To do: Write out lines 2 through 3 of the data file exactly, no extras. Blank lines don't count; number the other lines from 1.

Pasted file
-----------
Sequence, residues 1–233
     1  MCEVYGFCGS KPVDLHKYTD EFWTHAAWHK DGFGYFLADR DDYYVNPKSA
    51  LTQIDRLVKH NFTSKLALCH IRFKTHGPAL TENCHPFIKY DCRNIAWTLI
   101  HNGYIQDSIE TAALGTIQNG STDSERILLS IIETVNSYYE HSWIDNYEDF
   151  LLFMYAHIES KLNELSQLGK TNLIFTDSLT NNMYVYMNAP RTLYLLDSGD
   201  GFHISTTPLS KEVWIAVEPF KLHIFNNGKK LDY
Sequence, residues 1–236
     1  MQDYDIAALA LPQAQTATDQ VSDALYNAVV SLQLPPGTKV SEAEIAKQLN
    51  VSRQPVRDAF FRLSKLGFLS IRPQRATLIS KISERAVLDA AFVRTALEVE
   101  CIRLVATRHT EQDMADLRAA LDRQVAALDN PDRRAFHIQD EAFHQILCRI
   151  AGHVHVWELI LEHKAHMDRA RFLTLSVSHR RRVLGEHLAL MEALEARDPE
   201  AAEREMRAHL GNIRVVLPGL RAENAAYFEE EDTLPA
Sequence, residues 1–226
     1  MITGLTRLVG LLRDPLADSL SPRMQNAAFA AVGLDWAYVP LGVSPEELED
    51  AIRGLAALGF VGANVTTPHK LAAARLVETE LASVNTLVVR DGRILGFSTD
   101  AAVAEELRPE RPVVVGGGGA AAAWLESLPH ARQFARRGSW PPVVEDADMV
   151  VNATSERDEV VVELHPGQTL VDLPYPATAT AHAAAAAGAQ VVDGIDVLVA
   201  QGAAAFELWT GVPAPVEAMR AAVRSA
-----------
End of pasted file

     1  MCEVYGFCGS KPVDLHKYTD EFWTHAAWHK DGFGYFLADR DDYYVNPKSA
    51  LTQIDRLVKH NFTSKLALCH IRFKTHGPAL TENCHPFIKY DCRNIAWTLI